The MRFSS study is, by its very nature, anecdotal, as the data are gathered from interviews conducted with recreational anglers. Stripers Forever has conducted an annual survey of its own membership each year since 2003 and the notion that the recreational catch in 2006 was even close to being such a banner year was certainly not the conclusion we reached. A plurality of respondents felt that fishing was worse or much worse than five years earlier. In fact, 2006 was the third consecutive year that our member anglers felt the fishery was declining in quality. In addition, we receive many emails during the year from fishermen reporting on the fishing in their areas. Our information is unquestionably anecdotal, but has been consistent and not very encouraging.
Even through the fog created by wildly vacillating stock assessment numbers, we can see the negative trend taking shape. By every measurement, fishing mortality is rising and spawning stock biomass is shrinking. One doesn't have to extend the dots for more than a year or two to see that a huge problem looms ahead. Since the new assessment was for 2006, one of those years has already gone by, and it was a year of increasingly negative reports from a large majority of the anglers we heard from.
It isn't the probable inaccuracy of the stock assessment that concerns us most. We recognize the extreme difficulty in making accurate and consistent stock assessments. At the Striped Bass Game Fish Symposium 2006, one of the panelists, a fishery Ph.D. and one-time Director of Marine Fisheries for a large southern state, told attendees that these stock assessments were accurate to no more than 50% in either direction and could be even farther off than that! What does bother us is the ASMFC's lack of recognition that this fishery is slipping away, and that the recreational industry depends on high quality fishing for its vitality.
But we shouldn't be too surprised. Virtually every fish species managed by the ASMFC is doing poorly. Fisheries managers have no experience and little understanding of the concept of a purely recreational fishery, one where the economic value derives from the willingness of people to spend money to enjoy a great outdoor experience They are used to spending their time parceling out what little is left of our marine resources to a few commercial fishermen who then take what they can out of those decimated stocks.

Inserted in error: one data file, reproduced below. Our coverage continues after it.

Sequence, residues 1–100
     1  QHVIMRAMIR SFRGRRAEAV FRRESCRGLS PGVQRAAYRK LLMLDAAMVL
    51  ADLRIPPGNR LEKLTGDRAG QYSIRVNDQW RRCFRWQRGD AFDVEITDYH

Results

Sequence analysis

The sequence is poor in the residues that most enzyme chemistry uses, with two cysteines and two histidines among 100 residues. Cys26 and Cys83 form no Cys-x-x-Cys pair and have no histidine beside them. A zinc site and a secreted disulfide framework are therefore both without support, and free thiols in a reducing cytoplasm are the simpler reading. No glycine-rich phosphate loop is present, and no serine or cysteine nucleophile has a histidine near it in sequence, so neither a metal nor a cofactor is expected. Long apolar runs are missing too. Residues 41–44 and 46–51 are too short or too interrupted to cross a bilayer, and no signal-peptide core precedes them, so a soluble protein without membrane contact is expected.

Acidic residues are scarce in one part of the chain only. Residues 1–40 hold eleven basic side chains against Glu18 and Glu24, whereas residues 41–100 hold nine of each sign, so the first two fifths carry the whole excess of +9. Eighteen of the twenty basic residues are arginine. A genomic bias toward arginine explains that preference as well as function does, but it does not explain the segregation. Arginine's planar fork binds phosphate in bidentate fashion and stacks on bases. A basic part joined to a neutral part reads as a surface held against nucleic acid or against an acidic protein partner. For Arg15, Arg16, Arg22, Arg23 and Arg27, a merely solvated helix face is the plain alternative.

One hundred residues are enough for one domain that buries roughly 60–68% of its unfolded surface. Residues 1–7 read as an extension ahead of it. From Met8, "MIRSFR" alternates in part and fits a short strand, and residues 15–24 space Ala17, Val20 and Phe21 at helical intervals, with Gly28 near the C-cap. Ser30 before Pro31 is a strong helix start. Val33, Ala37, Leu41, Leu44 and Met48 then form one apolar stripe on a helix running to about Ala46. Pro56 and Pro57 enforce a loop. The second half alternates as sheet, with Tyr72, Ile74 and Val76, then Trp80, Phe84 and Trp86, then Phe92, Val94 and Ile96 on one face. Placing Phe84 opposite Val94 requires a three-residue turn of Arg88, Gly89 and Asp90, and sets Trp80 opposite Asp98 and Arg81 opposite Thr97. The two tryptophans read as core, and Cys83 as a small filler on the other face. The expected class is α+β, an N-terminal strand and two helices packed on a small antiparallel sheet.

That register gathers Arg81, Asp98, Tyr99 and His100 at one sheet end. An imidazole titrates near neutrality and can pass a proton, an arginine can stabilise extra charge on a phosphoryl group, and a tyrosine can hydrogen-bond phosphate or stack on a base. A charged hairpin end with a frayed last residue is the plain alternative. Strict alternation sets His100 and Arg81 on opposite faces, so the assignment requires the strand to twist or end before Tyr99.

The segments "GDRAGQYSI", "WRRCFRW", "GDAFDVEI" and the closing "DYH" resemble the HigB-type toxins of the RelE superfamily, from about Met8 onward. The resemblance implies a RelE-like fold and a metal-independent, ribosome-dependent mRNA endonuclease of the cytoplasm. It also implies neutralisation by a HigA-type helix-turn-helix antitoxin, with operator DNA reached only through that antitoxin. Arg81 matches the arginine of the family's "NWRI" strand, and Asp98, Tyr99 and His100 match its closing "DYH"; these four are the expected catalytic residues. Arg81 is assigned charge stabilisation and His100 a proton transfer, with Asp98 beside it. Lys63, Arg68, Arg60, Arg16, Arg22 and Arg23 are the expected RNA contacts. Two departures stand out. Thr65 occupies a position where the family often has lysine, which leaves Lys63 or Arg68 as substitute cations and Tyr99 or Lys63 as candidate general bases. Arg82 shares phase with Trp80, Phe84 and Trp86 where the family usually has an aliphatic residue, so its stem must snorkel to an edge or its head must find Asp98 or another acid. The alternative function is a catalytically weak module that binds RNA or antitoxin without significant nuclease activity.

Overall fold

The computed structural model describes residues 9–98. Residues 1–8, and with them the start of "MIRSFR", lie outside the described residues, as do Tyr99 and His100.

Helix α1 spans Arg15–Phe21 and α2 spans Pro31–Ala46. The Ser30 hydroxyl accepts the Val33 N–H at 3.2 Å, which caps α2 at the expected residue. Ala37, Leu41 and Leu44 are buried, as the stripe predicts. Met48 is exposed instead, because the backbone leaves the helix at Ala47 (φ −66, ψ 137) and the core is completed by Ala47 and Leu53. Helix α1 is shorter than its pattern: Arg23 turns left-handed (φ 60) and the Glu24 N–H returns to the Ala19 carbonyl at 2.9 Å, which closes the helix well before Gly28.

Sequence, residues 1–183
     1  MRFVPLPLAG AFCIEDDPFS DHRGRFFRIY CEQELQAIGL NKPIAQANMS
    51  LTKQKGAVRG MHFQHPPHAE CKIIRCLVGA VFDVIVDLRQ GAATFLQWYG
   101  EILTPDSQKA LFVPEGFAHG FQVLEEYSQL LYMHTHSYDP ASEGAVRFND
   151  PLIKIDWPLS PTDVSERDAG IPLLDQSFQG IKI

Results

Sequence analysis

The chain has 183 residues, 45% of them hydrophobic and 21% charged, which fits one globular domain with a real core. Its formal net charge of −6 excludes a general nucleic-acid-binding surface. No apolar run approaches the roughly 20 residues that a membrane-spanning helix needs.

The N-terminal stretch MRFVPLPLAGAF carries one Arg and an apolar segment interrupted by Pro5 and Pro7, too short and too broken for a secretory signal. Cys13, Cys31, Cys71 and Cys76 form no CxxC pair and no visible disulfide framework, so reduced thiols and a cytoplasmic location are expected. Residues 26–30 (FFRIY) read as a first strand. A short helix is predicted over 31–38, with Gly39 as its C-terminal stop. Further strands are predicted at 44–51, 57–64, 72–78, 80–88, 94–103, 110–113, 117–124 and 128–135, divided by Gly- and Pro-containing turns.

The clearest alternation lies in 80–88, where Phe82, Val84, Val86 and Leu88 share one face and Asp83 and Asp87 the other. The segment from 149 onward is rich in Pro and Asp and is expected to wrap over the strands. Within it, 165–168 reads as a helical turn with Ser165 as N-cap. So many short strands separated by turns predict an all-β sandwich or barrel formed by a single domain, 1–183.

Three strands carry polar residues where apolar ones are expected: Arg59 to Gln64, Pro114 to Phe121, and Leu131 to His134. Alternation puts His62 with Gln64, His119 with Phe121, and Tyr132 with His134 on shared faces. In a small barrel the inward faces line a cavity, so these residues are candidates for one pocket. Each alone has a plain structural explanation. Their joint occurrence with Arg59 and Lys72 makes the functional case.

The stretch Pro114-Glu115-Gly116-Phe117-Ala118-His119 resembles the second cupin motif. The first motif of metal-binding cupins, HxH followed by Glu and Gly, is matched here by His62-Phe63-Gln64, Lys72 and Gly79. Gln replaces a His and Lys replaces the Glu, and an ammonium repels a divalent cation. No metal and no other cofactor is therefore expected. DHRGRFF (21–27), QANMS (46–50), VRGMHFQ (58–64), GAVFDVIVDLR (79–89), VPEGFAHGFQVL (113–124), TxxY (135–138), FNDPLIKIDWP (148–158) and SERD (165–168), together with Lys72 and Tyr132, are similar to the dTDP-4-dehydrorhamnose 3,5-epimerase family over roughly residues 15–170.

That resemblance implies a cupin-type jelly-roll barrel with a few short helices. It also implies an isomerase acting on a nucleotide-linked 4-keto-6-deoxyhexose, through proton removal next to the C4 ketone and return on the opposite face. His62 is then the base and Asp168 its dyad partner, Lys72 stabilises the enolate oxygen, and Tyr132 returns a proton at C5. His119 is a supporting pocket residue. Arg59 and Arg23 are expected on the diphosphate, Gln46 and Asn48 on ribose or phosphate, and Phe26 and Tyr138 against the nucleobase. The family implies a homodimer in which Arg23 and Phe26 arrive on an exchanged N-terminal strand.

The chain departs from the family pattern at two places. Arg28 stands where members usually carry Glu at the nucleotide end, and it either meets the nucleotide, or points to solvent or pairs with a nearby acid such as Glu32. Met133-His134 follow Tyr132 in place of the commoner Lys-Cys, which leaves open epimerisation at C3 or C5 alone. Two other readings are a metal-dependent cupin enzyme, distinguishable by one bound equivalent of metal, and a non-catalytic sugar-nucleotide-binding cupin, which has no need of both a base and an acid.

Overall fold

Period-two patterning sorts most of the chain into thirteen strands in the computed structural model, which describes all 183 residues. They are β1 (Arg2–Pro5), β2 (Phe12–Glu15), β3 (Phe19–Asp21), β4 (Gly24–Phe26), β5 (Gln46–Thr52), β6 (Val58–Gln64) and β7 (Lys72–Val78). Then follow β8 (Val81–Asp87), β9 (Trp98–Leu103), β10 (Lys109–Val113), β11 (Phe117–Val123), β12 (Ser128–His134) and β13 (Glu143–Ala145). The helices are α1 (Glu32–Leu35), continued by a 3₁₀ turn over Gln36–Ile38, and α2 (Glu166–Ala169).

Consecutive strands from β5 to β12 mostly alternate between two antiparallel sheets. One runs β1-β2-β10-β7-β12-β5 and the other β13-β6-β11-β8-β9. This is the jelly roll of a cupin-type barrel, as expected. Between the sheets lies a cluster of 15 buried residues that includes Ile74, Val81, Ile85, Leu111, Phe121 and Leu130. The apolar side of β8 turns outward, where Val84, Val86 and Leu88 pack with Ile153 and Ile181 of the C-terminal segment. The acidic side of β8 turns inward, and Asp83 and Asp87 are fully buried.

One also needs to read the peer review to make some sense of what an approval means. There is no real estimate of the margin for error. The list of information that the peer review committee suggests can be improved is very lengthy and includes everything from developing better methods of determining uncounted mortalities like commercial discards in the EEZ and from high-grading - which they offhand characterize as minor - to developing models that break the stock down to individual components, like Hudson River, Delaware Bay, and Chesapeake Bay fish. They made no comments about the illegal commercial catch; even though confiscations and arrests records show that the illegal catch is large, very likely equaling a substantial part of the overall commercial mortality
The time is now for responsible fishery management to recognize that the striped bass is no longer a fish that should be harvested commercially, and that the slaughter of the large breeding females that nature intended to live 20 years or more must cease. Stripers Forever is confident that without the pressure of commercial quotas, the ASMFC would do as the recreational community has consistently asked which is to manage striped bass at a much lower fishing mortality rate, and to preserve the quality of this fishery for the millions of people who find fishing for this creature such a compelling pastime.